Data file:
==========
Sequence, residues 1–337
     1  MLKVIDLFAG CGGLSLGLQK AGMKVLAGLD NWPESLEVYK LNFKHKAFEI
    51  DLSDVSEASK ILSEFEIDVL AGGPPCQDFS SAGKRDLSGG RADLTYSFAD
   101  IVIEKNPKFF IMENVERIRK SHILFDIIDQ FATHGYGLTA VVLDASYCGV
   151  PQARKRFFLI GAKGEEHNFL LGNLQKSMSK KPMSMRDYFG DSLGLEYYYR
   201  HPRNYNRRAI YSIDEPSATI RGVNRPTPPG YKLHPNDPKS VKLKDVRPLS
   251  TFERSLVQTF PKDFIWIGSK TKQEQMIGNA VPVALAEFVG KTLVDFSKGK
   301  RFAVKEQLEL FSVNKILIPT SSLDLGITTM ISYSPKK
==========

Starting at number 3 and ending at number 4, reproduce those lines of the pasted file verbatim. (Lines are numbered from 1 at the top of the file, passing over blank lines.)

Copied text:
    51  DLSDVSEASK ILSEFEIDVL AGGPPCQDFS SAGKRDLSGG RADLTYSFAD
   101  IVIEKNPKFF IMENVERIRK SHILFDIIDQ FATHGYGLTA VVLDASYCGV